Going into the fifth and final round, we are tied at two points apiece — Rocky III has the better plot and villain while Rocky IV has the better fight and training montage. The only way to break this tie is to figure out which movie has the better song.

Rocky III Song

The signature song for Rocky III is Survivor’s 1982 classic, and future anthem for any sports team with a feline theme, “Eye of the Tiger,” which is featured throughout the training montage.

Rocky IV Song

With the release of Rocky IV in November 1985 came the debut of John Cafferty’s power anthem “Heart’s on Fire,” which is admittedly a rocking song and adds a nice touch to the movie’s epic training sequence.

Winner — Rocky III

I’ll be the first to tell you that “Heart’s On Fire” is a fun song that encapsulates the synth-rock movement of the mid-1980s with one of the catchiest choruses. That being said, there’s no way anything could be out “Eye of the Tiger,” which has become one of the rare movie songs to have a life of its own.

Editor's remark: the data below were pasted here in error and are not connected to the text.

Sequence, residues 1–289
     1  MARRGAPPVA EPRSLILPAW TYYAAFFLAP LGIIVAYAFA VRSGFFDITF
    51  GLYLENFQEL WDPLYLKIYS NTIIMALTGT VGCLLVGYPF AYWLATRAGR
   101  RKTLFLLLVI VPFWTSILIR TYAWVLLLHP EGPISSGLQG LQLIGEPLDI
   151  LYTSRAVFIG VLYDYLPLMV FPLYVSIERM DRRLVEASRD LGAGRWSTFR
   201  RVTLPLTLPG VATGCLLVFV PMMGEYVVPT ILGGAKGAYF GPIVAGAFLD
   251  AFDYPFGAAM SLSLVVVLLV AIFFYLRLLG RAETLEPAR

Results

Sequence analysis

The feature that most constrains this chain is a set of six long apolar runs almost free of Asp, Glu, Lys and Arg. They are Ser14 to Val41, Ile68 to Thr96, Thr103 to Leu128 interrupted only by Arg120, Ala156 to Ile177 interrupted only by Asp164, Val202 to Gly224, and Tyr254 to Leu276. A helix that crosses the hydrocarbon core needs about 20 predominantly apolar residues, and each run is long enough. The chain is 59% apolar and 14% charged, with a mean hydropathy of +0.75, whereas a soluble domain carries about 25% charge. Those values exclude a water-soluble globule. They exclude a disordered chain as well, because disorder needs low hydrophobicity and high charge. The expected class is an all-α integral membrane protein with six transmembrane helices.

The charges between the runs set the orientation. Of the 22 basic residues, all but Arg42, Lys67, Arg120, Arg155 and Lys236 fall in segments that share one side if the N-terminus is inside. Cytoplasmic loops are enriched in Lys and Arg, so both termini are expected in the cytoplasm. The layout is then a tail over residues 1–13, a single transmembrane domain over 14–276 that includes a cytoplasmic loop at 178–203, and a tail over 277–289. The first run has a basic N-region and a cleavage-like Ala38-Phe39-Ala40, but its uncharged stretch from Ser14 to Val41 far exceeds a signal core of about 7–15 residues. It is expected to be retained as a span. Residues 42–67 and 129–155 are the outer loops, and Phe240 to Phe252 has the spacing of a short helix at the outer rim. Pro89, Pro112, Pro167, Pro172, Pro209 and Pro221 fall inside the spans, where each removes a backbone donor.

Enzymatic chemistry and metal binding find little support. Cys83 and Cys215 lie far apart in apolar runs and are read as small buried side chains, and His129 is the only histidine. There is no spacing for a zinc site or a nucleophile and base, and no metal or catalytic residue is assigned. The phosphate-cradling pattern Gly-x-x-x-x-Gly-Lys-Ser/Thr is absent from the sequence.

Mr. T and Sylvester Stallone in Rocky III

(Image credit: MGM)

And The Winner Is...

Well, it looks like Rocky III is our undisputed champion of the Rocky franchise, thanks in part to featuring one of the most iconic tracks of the 1980s. This isn’t to say Rocky IV is a bad movie or anything like that, but its predecessor is just in a whole other class. Plus, Rocky III has Hulk Hogan’s Thunderlips and no questionable scenes with a talking robot.

Philip Sledge
Content Writer

Philip grew up in Louisiana (not New Orleans) before moving to St. Louis after graduating from Louisiana State University-Shreveport. When he's not writing about movies or television, Philip can be found being chased by his three kids, telling his dogs to stop barking at the mailman, or chatting about professional wrestling to his wife. Writing gigs with school newspapers, multiple daily newspapers, and other varied job experiences led him to this point where he actually gets to write about movies, shows, wrestling, and documentaries (which is a huge win in his eyes). If the stars properly align, he will talk about For Love Of The Game being the best baseball movie of all time.